Voters could get a special Bank Holiday to mark the date when they stop working for the taxman, Michael Howard said in his first party political broadcast.
Tories want to mark the time we stop paying tax
A Tory government would introduce the measure to help people decide if they were getting genuine value-for-money in return for the tax they pay.
Mr Howard said he wanted to use the concept of Tax Freedom Day to cut the confusion created by stealth taxes.
The day could either be a new Bank Holiday or could replace May Day.
Mr Howard argued that the Bank Holiday move would make it easier for voters to comprehend the true size of the tax
burden, and note how it changes from year to year.
"You know our public services aren't as good as they should be," he told viewers.
"Yet, because of Labour's spin and stealth taxes, people don't realise just
how much tax they are paying."
The concept of Tax Freedom Day - calculated each year by the Adam Smith Institute think-tank - would give people a clearer idea of how much the state takes from their earnings in tax, he said.
"The principle is simple. The more tax the government takes, the later in the
year Tax Freedom Day falls. The less tax government takes, the earlier in the
year it is.
"Tax Freedom Day is quite simply the day you stop working for the taxman, and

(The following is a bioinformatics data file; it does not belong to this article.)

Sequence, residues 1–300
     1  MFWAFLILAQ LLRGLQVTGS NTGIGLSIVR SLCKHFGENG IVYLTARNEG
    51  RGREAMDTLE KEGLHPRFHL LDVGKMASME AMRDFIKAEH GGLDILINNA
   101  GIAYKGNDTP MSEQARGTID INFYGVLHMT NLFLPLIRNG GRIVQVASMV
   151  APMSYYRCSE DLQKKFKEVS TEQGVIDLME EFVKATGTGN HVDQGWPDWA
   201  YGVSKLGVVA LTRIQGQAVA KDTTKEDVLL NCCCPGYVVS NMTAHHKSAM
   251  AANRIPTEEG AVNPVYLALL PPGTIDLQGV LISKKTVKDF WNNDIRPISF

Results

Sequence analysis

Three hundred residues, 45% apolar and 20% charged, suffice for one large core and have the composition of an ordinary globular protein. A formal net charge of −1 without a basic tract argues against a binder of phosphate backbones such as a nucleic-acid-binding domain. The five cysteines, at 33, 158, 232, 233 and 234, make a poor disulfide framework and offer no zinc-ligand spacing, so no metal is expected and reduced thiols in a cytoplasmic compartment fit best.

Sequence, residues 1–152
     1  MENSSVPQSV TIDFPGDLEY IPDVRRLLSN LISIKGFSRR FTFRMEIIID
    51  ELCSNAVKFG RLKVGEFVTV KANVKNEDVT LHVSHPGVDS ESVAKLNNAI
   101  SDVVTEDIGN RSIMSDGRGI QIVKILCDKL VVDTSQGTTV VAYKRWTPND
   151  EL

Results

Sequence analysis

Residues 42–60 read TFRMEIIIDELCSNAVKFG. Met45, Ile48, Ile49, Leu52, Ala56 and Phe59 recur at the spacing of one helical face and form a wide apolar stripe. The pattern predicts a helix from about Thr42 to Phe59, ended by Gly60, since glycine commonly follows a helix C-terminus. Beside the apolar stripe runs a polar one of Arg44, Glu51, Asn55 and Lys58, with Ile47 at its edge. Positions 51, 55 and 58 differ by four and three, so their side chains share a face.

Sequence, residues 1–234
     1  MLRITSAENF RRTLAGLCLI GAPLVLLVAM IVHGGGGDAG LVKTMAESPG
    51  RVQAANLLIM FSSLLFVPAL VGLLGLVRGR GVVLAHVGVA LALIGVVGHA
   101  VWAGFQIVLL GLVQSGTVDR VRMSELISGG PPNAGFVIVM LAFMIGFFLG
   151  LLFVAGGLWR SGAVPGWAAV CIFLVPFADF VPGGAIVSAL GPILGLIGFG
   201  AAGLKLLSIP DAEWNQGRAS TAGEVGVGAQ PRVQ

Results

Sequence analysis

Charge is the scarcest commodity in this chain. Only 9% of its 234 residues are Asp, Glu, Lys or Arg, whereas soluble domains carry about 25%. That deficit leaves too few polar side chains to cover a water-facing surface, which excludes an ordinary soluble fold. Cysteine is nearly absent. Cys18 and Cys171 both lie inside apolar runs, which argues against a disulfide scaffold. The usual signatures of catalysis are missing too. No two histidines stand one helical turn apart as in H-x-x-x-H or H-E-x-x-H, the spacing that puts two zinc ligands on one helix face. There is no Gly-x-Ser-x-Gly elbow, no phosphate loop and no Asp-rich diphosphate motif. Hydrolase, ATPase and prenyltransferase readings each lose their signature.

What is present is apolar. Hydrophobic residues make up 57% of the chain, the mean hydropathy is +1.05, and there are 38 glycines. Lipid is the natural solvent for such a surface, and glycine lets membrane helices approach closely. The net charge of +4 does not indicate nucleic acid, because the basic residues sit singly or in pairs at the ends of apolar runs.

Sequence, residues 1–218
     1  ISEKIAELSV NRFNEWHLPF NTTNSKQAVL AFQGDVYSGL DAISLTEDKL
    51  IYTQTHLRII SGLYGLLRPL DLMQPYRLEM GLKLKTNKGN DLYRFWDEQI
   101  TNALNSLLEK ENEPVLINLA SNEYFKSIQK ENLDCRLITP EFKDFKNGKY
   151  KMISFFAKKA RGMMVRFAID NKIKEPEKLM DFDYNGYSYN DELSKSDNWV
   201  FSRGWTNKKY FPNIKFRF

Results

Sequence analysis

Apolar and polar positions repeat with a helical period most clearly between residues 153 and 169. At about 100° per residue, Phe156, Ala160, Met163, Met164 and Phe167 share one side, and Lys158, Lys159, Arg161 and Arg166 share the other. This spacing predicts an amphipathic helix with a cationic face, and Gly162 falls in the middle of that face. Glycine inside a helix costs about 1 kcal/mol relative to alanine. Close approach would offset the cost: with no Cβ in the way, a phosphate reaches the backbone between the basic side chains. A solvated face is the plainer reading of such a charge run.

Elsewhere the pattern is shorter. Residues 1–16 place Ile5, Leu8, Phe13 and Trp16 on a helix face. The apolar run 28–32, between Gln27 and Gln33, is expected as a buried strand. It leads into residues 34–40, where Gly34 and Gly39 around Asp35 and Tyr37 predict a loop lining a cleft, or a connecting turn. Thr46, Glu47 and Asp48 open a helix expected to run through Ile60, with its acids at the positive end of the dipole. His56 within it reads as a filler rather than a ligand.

start working for yourself ...
"The next Conservative government will make Tax Freedom Day a Bank Holiday, to help you decide whether you get genuine value-for-money, in return for the
tax you pay."
Mr Howard accuses the government of introducing a total of 60 tax
rises, which together have pushed back Tax Freedom Day from 27 May in 1997 - the
year in which Labour came to power - to 9 June by 2005.
He says tax increases had resulted in limited returns, with one million people on NHS waiting lists, one in three children leaving primary
school without being able to read, write and count properly, and what he describes as rising crime.
"It's been a cycle of tax and spend and fail. And it's just not good
enough," said Mr Howard.
While the Tories say they are not making any promises about cutting taxes, they stress the idea is to bring greater "openness
and transparency" to taxation.
One aide said: "We are committed to giving the taxpayer a fair deal. We believe
this will create a great discipline...
"It is absolutely not a gimmick - it is a very, very serious
proposal. It is absolutely vital that we be open and transparent about how much
people are paying," he said.
Conservative Party Political Broadcast will be shown on BBC One on Thursday, 27 November at 2230 GMT